A few months ago, I ran a series of posts that argued that infants who die are rescued by God, and are now in eternal glory (part one, two and three; and a sermon combining them is here). I listed 26 verses that say as much, and I obviously think the weight of the argument is insurmountable.
What surprised me the most from this study is that historically this topic was viewed as a debate between Calvinists and Arminians. Shockingly, through history it has been the Calvinists who have argued for infant salvation, while it was the Arminians who were forced to deny that the scriptures taught such a thing.
Today, it seems like the sides have switched. In the past it was the Calvinist who would say, “salvation does not depend on man who wills or runs, so it completely fits within God’s saving nature to rescue infants.” Meanwhile, it was the Arminians who would stammer, “I know it sounds unfair, unjust, and unloving, but salvation depends on a person making a decision for Jesus, and an infant simply wasn’t old enough to be able to make that kind of decision…”
BB Warfield explains the reasoning behind the divide:
“If only a single infant dying in irresponsible infancy be saved, the whole Arminian principle is traversed. If all infants dying such are saved, not only the majority of the saved, but doubtless the majority of the human race hitherto, have entered into life by a non-Arminian pathway” (Two Studies on the History of Doctrine, 230).
It strikes me though that in the last 20 years or so, it seems like the sides have flipped. Now it is often the Arminian who says that infants are saved, without realizing that it flies in the face of their entire system. So today I thought it would be interesting to look at what theologians through history have taught on this topic.
The oldest evidence of this debate I found is in Calvin’s Institutes, where Calvin condemned Servetus. He said that Servetus’ theology was so twisted that it stressed free will to the point that if you followed him, you would be forced to conclude that even infants who died were damned to hell because they were not able to exercise their will to believe in saving faith (Institutes IV, 16, p 31). In that same section, Calvin addresses John 3:36, and argues that it points to infant salvation, as infants were not able to exercise willing unbelief, so they do could not possibly stand condemned.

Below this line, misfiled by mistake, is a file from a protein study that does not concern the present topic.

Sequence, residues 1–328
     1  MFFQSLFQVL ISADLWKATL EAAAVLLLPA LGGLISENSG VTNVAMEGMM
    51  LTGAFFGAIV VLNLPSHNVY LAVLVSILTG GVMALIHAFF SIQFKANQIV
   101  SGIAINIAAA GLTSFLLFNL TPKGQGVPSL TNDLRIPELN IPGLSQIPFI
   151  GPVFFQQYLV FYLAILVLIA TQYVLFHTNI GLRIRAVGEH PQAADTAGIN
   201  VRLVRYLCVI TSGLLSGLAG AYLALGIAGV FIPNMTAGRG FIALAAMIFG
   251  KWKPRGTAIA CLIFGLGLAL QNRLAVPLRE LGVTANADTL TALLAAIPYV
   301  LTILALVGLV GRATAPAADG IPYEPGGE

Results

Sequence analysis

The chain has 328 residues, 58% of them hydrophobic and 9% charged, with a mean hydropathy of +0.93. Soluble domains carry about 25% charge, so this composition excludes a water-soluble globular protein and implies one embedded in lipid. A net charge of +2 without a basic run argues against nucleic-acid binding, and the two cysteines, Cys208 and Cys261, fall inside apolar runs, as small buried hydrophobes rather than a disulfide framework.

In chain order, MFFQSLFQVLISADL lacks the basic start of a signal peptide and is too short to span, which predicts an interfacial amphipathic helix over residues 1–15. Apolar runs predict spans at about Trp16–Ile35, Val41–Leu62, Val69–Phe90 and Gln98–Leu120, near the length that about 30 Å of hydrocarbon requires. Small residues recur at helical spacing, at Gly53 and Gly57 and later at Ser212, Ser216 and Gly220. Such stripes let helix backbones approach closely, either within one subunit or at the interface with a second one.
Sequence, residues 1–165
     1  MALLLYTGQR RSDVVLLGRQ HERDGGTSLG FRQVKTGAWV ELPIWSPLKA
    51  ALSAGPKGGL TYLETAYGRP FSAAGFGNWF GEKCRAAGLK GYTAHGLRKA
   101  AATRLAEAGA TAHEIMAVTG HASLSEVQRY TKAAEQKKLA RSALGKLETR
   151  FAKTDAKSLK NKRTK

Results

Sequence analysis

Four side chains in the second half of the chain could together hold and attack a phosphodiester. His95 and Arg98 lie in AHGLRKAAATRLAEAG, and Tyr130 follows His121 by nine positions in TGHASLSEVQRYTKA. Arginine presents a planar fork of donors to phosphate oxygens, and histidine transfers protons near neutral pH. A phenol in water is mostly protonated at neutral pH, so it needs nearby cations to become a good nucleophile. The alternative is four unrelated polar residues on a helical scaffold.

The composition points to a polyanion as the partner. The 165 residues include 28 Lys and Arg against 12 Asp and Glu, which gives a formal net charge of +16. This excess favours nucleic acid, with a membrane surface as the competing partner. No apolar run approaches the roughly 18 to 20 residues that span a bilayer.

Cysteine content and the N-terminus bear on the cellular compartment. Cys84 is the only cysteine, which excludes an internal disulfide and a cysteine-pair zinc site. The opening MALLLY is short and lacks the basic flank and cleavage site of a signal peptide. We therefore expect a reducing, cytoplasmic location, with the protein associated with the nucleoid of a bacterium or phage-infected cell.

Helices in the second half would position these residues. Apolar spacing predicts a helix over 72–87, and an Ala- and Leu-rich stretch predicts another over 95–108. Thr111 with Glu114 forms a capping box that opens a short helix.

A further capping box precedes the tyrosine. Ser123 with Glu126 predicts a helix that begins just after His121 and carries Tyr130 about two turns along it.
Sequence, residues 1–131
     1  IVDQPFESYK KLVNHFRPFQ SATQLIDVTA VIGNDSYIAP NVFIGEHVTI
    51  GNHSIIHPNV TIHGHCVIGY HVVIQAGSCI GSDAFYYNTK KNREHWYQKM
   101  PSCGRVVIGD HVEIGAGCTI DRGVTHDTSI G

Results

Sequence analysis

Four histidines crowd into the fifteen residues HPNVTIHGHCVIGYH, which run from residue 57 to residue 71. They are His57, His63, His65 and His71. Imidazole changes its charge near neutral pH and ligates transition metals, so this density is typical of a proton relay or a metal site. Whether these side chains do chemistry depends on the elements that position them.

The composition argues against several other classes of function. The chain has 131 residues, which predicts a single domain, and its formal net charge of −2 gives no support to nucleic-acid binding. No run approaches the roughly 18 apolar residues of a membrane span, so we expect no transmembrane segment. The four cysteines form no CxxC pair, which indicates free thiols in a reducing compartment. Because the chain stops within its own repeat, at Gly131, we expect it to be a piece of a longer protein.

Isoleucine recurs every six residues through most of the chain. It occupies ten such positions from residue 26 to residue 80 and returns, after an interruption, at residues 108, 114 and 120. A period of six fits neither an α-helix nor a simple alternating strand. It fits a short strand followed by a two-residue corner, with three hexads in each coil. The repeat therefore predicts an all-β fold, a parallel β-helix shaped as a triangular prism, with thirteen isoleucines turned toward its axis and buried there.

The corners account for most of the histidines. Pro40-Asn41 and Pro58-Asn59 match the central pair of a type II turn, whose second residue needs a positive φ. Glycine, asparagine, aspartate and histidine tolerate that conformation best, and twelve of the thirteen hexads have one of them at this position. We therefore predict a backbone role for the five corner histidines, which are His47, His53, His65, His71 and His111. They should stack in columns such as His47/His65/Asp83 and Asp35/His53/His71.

Calvin often taught on this issue, and in one instance he even preached a sermon (on Isaiah 14:21) where he explained that reprobation (pre-destination for hell) was true of infants, but that God would allow all of them to grow to a condition of sinful accountability so that they could secure their own damnation (here is a long but fascinating paper which takes an in-depth look at all Calvin taught on this subject).
After Calvin and Luther died, their followers went in different directions on this issue. Calvinists stressed the salvation of infants, while Lutherans (and later Methodists) went on to claim the salvation of baptized infants, while remaining largely silent on the fate of others. The Westminster Catechism seems to track with the Calvinists, by arguing that infants who die are in glory (ch. 10, sec. 3 says those “dying in infancy are regenerated and saved by Christ”).
Loraine Boettner explained why the doctrine of infant salvation must be uniquely Calvinistic: